Tag Archives: lake

How To Become a Mermaid

Mermaids are mythical creatures that are half human and half aquatic creature. They have a tail and fins with scales instead of legs. Mermaids are rumored to live deep underwater and have become a beloved character in fairy tales.

So the tiny town my mom’s family lived in was on Lake Ontario. I had a friend in this town, and both of us really liked anything to do with mermaids. She told me that some girls in this town had seen mermaids in the lake, which was VERY exciting for me! I told her to ask for more info, and a few weeks later she reported back that apparently, the mermaids have lived there a long time, and some girls were able to perform magic spells that transformed THEM into mermaids, and they left behind their normal life to live with mermaid society. We spent the rest of the summer trying to recreate the magic that would turn us into mermaids. Most of it was stuff from our imagination, but she would come sometimes with lists of spell ingredients or magic words that she found online or got from other kids. We created a whole system of magic elements that we deemed either helpful or useless in getting us closer to transforming, and kept detailed notes of it. sadly, we never figured out how to join the runaway mermaid kid society.”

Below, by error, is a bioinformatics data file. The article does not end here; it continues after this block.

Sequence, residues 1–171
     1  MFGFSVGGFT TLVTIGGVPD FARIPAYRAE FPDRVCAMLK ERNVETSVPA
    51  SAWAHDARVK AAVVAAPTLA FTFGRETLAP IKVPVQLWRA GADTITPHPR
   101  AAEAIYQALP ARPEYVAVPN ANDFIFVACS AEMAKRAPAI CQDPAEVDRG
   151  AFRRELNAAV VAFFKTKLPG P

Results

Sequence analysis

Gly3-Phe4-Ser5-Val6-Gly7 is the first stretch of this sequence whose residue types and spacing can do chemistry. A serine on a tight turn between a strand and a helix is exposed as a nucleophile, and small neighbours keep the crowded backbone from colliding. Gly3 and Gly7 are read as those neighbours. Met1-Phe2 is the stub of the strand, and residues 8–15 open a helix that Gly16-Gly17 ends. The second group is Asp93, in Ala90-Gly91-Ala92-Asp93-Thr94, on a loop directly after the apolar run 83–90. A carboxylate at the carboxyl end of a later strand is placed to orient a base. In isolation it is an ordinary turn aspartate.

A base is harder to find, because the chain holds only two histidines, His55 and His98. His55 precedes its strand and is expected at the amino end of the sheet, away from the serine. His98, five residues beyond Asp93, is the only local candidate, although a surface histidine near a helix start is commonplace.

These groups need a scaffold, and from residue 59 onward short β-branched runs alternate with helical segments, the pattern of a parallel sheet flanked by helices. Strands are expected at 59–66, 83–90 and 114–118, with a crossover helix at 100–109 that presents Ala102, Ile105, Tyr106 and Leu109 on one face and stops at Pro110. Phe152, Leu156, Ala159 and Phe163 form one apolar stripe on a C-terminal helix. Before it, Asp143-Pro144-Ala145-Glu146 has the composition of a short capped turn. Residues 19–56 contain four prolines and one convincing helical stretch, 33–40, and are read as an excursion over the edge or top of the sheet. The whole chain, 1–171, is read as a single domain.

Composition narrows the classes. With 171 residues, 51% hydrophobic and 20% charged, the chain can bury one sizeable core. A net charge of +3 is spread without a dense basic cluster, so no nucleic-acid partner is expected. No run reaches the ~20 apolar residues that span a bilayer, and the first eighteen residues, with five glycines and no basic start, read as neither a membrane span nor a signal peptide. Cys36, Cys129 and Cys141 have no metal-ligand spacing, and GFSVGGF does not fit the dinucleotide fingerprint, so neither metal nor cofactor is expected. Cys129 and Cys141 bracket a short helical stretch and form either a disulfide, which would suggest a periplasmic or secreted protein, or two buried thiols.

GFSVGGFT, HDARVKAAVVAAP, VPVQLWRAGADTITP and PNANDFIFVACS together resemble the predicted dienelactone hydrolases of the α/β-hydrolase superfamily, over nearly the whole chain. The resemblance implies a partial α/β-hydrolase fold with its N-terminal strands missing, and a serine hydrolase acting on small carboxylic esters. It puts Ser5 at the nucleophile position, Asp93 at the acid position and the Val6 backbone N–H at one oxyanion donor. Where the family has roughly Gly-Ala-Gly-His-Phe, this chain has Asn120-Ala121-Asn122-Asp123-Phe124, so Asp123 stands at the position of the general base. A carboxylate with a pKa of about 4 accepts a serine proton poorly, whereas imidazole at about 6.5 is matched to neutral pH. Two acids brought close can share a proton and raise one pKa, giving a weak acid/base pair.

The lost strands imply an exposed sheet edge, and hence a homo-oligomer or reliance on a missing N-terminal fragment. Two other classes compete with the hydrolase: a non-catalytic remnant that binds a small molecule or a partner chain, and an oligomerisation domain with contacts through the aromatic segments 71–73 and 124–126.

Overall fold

Korean story: The Woodcutter and the Axes

Nationality: Korean
Primary Language: Korean
Age: 68
Occupation: retired, former pastor
Residence: Seoul, South Korea
Performance Date: 24 March 2024

Tags: woodcutter, ax, god, greed, lake, gold, silver


Once upon a time, there was a woodcutter who would chop down trees and sell them for firewood and such. One day, while he was chopping logs, his ax slipped out of his hands and into a lake. As the woodcutter went to retrieve his ax, a god appeared out of the lake, with the woodcutter’s ax in hand as well as a shiny new gold and silver ax. The god asked the woodcutter which ax he had lost, and though the woodcutter was enamored with the gold and silver axes, he truthfully said that he had lost his normal one. The god was pleased with the woodcutter’s honesty and gave him all 3 axes as a reward. Word of the woodcutter getting the new axes spread throughout the village, including to the ears of a rival woodcutter, who got jealous and sought to do the same. Thus, one day while cutting logs, the greedy rival woodcutter threw his ax into the same lake, where the same god came and asked him the same questions as the other woodcutter. The greedy woodcutter lied and said that he had lost the gold one, so the god got angry at his dishonesty and drowned him in the lake.